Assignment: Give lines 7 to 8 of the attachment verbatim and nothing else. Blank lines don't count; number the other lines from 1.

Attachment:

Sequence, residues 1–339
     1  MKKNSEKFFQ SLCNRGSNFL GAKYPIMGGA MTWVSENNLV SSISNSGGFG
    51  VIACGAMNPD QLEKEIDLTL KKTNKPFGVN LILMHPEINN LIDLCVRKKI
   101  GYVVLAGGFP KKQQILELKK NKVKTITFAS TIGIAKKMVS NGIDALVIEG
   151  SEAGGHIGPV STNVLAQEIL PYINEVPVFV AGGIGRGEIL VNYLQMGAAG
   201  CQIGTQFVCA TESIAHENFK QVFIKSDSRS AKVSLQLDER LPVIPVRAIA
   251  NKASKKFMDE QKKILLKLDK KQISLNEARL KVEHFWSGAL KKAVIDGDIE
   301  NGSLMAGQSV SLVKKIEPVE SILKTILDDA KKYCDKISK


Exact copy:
   251  NKASKKFMDE QKKILLKLDK KQISLNEARL KVEHFWSGAL KKAVIDGDIE
   301  NGSLMAGQSV SLVKKIEPVE SILKTILDDA KKYCDKISK